Colorectal Cancer Overview
Colorectal cancer is cancer that affects the lower part of the Gastrointestinal tract, that is, the large bowel and rectum.
It is the 3rd most common type of cancer in humans and in about 80% of cases it occurs in people more than 55 years of age. In 2016, there will be 134,490 estimated new cases of colorectal cancer in the US, accounting for approximately 8% of all new cancer cases nationwide.
Over 90% of cases of colorectal cancer begin as small, non-cancerous bowel lesions called polyps which grow on the inner wall of the colon or rectum. Studies show that most of these polyps will become cancer with time if left undiagnosed and untreated.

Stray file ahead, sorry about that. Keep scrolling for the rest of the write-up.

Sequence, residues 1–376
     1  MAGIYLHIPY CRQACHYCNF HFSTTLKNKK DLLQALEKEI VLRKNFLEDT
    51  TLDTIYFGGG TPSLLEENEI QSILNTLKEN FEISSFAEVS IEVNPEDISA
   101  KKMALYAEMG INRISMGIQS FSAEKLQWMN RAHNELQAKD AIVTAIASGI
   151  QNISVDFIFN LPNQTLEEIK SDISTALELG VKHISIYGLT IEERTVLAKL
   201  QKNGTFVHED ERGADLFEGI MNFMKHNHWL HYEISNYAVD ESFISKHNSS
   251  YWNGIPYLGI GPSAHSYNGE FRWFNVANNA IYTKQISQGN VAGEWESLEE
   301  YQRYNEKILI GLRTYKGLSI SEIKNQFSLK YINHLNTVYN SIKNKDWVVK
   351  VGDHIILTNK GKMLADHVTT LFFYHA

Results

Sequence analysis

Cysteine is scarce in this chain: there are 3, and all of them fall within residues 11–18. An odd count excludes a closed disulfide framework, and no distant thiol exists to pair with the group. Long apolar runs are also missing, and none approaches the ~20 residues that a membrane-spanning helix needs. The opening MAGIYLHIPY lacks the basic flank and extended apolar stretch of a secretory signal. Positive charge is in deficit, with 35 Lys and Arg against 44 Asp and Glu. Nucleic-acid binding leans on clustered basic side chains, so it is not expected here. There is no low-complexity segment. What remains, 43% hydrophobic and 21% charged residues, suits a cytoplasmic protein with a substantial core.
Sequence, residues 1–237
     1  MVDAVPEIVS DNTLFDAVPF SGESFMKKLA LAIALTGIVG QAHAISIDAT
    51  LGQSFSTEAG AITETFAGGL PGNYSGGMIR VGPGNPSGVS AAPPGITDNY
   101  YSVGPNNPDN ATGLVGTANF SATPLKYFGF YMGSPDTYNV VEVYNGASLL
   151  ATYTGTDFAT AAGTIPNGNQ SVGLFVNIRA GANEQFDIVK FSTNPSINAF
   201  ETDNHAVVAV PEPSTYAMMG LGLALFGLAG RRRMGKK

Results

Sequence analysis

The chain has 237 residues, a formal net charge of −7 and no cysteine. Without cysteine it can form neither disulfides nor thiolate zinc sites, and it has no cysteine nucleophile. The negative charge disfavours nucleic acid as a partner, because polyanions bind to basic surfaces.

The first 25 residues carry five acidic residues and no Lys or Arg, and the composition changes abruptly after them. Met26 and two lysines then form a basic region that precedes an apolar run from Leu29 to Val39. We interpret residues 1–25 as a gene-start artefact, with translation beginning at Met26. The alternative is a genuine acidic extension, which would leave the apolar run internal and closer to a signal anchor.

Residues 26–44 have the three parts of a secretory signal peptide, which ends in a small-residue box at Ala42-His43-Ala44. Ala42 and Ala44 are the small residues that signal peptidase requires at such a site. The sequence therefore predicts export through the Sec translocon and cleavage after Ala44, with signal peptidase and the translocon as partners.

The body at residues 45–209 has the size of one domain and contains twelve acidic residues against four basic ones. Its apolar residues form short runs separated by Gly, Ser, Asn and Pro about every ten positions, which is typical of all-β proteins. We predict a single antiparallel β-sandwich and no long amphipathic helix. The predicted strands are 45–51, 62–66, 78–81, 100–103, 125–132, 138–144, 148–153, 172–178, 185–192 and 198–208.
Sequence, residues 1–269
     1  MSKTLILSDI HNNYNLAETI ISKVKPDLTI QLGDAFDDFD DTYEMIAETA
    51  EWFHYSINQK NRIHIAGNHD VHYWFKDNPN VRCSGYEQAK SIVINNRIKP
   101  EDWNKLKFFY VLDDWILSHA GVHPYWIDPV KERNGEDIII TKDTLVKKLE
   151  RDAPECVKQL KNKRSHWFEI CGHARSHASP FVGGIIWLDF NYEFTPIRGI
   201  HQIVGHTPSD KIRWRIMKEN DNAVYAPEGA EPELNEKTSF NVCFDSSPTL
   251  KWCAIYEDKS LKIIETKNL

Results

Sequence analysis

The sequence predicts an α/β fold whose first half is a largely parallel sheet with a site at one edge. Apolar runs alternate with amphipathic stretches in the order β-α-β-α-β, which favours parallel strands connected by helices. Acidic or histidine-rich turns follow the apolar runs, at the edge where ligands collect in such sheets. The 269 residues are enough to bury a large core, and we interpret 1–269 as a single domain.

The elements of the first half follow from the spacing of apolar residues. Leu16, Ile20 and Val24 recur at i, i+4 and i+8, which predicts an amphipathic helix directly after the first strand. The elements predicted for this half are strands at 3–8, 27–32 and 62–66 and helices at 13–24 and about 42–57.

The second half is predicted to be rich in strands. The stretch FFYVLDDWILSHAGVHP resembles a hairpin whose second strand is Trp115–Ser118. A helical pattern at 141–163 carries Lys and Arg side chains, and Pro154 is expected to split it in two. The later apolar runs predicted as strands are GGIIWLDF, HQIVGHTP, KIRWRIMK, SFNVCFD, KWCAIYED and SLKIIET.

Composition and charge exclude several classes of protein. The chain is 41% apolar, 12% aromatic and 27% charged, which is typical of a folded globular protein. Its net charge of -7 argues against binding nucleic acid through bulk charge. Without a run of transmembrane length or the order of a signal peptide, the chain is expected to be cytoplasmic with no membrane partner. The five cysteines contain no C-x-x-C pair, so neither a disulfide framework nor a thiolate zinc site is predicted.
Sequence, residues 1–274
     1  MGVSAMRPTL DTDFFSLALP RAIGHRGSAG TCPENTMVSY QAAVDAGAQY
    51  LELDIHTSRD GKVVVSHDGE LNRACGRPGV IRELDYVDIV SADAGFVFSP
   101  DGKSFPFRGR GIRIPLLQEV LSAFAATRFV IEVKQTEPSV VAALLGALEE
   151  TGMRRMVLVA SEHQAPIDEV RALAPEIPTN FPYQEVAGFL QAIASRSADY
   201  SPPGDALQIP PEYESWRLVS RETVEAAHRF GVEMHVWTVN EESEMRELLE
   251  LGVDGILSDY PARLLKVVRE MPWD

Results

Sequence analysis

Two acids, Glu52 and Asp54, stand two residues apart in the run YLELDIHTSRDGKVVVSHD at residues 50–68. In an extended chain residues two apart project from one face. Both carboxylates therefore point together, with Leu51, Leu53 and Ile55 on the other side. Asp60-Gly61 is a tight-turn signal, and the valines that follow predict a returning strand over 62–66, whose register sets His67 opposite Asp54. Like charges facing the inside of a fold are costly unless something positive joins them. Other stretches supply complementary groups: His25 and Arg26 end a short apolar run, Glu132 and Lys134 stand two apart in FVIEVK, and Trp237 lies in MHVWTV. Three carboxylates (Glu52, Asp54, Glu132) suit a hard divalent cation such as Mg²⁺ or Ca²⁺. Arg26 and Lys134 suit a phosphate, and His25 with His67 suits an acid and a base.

Causes and risk factors
As for most types of cancer, it is unclear what causes colon cancer. However, several conditions and risk factors have been described that contribute to the pathogenesis of colon cancer, such as:
- Obesity. People who are obese have a much higher chance of developing colorectal cancer than non-obese individuals.
- Older age. The risk increases significantly after the age of 50.
- Inflammatory Bowel Disease (IBD). Chronic inflammatory disease of the colon such as Crohn’s disease and Ulcerative Colitis greatly increase the risk of colorectal cancer.
- Inherited genetic syndromes such as Familial Adenomatous Polyposis (FAP) can increase the risk for colorectal cancer.
- Low-fiber, high-fat diet. People on diets rich in fat, red and processed meat and low in fiber are at greater risk.
- Sedentary lifestyle